Comparative Clinical Pathology

, Volume 19, Issue 4, pp 437–439

Drug resistance of Salmonella spp. isolated from pigeon eggs

Brief Communication

Abstract

Avian Salmonellae infections cause not only clinical disease in poultry but are also recognized as a source of food-borne disease transmission to humans. Domestic pigeons usually live in urban and rural areas in close proximity to human residential areas. Although their role in transmission of different infectious organisms is important from public health point of view, there are few reports available on Salmonella infections and their resistance to antibiotics in pigeon. In order to study pigeon egg contamination to the Salmonella spp. and the drug resistance pattern of the isolated organisms, pigeon egg shells were cleaned and disinfected with 96% ethanol. The contents of each egg was emptied into a sterile petri dish and incubated at 37°C for 24 h. Isolates were finally confirmed by PCR, using specific primers targeting the invA gene sequences from Salmonella spp. The results of this study showed that 5.7% of pigeon eggs had Salmonella spp. contamination. Disk diffusion test on Muller–Hinton agar was used to determine the sensitivity to antibacterial agents. Study of resistance to antimicrobial agents of isolated Salmonella spp. among the ten antibiotics showed a high frequency of sensitivity to ciprofloxacin, norfloxacin, gentamycin, and chloramphenicol (100%), and a high level of resistance to tetracycline (50%) was observed.

Keywords

Pigeon eggs Antimicrobial resistance Salmonella spp. 

References

  1. Adams RH (1995) Veterinary pharmacology and therapeutics, 7th edn. Iowa State University Press, Iowa, pp 1112–1114Google Scholar
  2. Adesiym A, Offiah N, Seepersadsingh N, Rodrigo S, Lashley V, Musai L (2007) Antimicrobial resistance of Salmonella spp. and Escherichia coli isolated from table eggs. Food Control 18:306–311CrossRefGoogle Scholar
  3. Byrd JA, DeLoach JR, Corrier DE, Nisbet DJ, Stanker LH (1999) Evaluation of Salmonella serotype distributions from commercial broiler hatcheries and grower houses. Avian Dis 43:39–47CrossRefPubMedGoogle Scholar
  4. Caldwell DJ, Hargis BM, Corrier DE, Vidal L, DeLoach JR (1995) Evaluation of persistence and distribution of Salmonella serotype isolation from poultry farms using drag-swabs sampling. Avian Dis 39:617–621CrossRefPubMedGoogle Scholar
  5. Cortez ALL, Carvalho ACFB, Ikuno AA, Burger KP, Vidal-Martins AMC (2006) Identification of Salmonella spp. isolates from chicken abattoirs by multiplex-PCR. Res Vet Sci 81:340–344CrossRefPubMedGoogle Scholar
  6. Fukata T, Uemura T, Baba E, Horiuchi S, Arakawa A (1986) Isolation of clostridia, salmonella and coccidian from wild pigeons in Japan. Br Vet J 142:291–293PubMedGoogle Scholar
  7. Glynn MK, Bopp C, Dewitt W, Dabney P, Mokhtar M, Angulo FJ (1998) Emergence of multidrug-resistant Salmonella enterica serotype Typhimurium DT104 infections in the United States. N Engl J Med 338:1333–1338CrossRefPubMedGoogle Scholar
  8. Graziani C, Busani L, Dionisi AM, Lucarelli C, Owczarek S, Ricci A, Mancin M, Caprioli A, Luzzi I (2008) Antimicrobial resistance in Salmonella enterica serovar Typhimurium from human and animal sources in Italy. Vet Microbial 128:414–418CrossRefGoogle Scholar
  9. Nazer AHK, Safari GH (1994) Bacterial flora from dead-in-shell chicken embryos and their drug resistance in Fars Province of Iran. Ind J of Anim Sci 64(10):1006–1009Google Scholar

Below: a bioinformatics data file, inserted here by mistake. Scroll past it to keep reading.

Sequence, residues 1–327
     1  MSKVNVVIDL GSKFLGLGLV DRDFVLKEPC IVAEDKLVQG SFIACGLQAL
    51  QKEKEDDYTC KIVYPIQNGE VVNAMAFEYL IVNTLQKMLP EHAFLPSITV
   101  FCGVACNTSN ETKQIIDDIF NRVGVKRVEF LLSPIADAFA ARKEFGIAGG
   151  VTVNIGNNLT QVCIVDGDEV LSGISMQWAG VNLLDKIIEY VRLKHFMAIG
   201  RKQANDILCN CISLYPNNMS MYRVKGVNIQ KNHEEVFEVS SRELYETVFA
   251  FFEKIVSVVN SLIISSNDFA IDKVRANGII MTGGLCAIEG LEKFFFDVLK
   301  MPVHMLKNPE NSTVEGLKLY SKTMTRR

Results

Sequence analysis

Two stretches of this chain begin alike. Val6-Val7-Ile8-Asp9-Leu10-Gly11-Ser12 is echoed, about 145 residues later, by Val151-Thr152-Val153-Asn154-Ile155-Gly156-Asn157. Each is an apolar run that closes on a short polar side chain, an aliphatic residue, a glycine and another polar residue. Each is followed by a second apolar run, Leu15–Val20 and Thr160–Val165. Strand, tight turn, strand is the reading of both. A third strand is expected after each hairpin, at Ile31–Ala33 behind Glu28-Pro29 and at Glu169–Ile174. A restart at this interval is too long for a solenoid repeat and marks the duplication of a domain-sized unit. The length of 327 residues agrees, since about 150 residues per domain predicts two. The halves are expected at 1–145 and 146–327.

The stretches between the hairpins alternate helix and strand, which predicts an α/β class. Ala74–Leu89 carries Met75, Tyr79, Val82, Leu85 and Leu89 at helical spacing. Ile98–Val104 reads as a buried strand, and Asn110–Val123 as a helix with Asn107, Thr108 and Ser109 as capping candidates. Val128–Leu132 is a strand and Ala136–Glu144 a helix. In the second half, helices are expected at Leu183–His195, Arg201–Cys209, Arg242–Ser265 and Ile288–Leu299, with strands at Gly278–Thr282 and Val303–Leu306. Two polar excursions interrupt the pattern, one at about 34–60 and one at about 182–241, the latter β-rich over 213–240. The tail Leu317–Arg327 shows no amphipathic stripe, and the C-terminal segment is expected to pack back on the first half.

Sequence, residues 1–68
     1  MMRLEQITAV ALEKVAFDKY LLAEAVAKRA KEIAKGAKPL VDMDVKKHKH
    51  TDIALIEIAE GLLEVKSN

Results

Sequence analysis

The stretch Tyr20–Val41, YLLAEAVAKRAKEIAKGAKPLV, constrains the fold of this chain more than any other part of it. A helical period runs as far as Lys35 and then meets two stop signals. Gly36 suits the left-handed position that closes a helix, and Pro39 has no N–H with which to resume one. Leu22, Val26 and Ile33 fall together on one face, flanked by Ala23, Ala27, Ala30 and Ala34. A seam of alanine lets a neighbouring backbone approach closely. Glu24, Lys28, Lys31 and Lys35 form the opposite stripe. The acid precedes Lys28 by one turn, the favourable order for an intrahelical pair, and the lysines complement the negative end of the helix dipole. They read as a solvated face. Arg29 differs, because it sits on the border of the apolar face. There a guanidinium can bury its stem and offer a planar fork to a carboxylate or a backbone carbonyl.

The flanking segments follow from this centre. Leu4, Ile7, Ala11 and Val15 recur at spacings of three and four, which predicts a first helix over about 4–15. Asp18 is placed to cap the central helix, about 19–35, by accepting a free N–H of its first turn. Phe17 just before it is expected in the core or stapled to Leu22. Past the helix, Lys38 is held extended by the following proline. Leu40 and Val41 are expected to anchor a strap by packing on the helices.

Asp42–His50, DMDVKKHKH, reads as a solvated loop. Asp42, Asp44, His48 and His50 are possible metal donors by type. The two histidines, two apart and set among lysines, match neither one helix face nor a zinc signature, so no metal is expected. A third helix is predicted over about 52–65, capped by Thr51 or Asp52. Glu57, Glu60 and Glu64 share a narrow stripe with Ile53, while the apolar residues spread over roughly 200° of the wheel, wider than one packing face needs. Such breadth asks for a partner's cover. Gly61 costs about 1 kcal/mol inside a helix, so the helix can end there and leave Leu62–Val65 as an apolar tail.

10. Pan Z, Wang X, Zhang X, Geng S, Chen X, Pan W, Cong Q, Liu X, Jiao X, Liu X (2009) Changes in antimicrobial resistance among Salmonella enterica subspecies enterica serovar pullorum isolates in China from 1962 to 2007. Vet Microbiol 136:387–392CrossRefPubMedGoogle Scholar
  11. Quinn PJ, Carter ME, Markey B, Carter GR (1994) Clinical veterinary microbiology. Wolf Publishing, London, pp 95–102Google Scholar
  12. Quinn PJ, Markey BK, Carter ME, Donnelly WJ, Leonard FC (2002) Veterinary Microbiology and Microbial disease. Blackwell Science, Oxford, pp 113–118Google Scholar
  13. Rajesh C, Rao VDP, Gomez-Villamandos JC, Shukla SK, Banerjee PS (2001) Diseases of poultry and their control, 1st edn. International Book Distributing, Lucknow, pp 74–82Google Scholar
  14. Saif YM, Barnes HJ, Glisson JR, Fadly AM, McDougald LR, Swayne DE (2003) Diseases of poultry, 11th edn. Iowa, Iowa State Press, pp 583–599Google Scholar
  15. Sawa H, Hirai K (1981) An outbreak of Salmonella typhimurium subserovar copenhagen infection in pigeons (Chalcophaps indica) imported from Hong Kong. J Jpn Vet Sci 43:277–279Google Scholar
  16. Siqueira RS, Dodd CER, Rees CED (2003) Phage amplification assay as rapid method for Salmonella detection. Braz J Microbiol 34:118–120CrossRefGoogle Scholar
  17. Swayne DE, Glisson JR, Jackwood MW, Pearson JE, Reed WM (1998) A laboratory manual for the isolation and identification of avian pathogens, 4th edn. American Association of Avian Pathologists, University of Pennsylvania, Kennett Square, PA, pp 4–13Google Scholar
  18. Van Duijkeren E, Wannet WJB, Houwers DJ, Van Pelt W (2003) Antimicrobial susceptibilities of Salmonella strains isolated from humans, cattle, pigs, and chickens in the Netherlands from 1984 to 2001. J Clin Microbiol 41:3574–3578CrossRefPubMedGoogle Scholar
  19. Woodward MJ, Kirwan SES (1996) Detection of Salmonella enteritidis in eggs by the polymerase chain reaction. Vet Rec 138:411–413PubMedGoogle Scholar

Copyright information

© Springer-Verlag London Limited 2010

Authors and Affiliations

  1. 1.Department of Poultry Diseases, School of Veterinary MedicineUniversity of ZabolZabolIran
  2. 2.Avian Diseases Research Center, School of Veterinary MedicineUniversity of ShirazShirazIran

Personalised recommendations